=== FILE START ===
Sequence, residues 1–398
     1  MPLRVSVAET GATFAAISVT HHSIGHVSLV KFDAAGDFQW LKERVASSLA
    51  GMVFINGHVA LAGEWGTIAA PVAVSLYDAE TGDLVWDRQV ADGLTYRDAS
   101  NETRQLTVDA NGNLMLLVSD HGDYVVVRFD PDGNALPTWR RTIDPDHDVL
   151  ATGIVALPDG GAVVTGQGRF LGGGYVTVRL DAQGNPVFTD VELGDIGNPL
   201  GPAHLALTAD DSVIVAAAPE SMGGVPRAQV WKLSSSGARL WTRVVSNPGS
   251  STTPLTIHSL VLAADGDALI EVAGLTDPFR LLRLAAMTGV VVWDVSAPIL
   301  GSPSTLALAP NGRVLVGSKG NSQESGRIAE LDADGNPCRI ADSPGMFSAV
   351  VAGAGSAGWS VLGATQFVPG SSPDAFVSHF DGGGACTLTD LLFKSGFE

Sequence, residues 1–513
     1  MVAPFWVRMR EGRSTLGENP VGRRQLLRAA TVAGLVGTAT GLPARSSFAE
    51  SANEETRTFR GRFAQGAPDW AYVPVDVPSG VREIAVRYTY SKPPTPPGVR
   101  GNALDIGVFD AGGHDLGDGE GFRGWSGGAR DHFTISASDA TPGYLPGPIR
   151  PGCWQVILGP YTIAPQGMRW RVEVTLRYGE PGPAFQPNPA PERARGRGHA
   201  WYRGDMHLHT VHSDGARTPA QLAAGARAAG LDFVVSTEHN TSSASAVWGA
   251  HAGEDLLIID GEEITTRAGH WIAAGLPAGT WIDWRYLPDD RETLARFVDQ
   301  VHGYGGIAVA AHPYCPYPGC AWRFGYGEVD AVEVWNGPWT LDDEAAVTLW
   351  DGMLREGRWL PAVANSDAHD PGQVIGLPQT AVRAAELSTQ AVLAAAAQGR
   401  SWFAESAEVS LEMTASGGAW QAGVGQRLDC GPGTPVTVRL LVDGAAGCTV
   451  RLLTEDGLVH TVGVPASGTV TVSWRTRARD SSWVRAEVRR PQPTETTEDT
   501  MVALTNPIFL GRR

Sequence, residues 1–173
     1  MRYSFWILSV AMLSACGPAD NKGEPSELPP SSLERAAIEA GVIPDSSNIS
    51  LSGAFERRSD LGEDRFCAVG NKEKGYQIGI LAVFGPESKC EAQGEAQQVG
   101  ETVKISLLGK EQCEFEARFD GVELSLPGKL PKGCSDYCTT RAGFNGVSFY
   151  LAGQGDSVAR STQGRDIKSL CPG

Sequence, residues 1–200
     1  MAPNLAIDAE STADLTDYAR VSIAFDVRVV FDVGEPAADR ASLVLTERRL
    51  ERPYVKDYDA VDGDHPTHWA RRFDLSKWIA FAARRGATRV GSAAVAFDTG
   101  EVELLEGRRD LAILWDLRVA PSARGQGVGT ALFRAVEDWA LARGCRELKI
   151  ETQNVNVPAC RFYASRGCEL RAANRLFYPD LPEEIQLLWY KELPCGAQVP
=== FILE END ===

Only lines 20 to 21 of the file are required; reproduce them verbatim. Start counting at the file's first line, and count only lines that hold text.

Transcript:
   451  RLLTEDGLVH TVGVPASGTV TVSWRTRARD SSWVRAEVRR PQPTETTEDT
   501  MVALTNPIFL GRR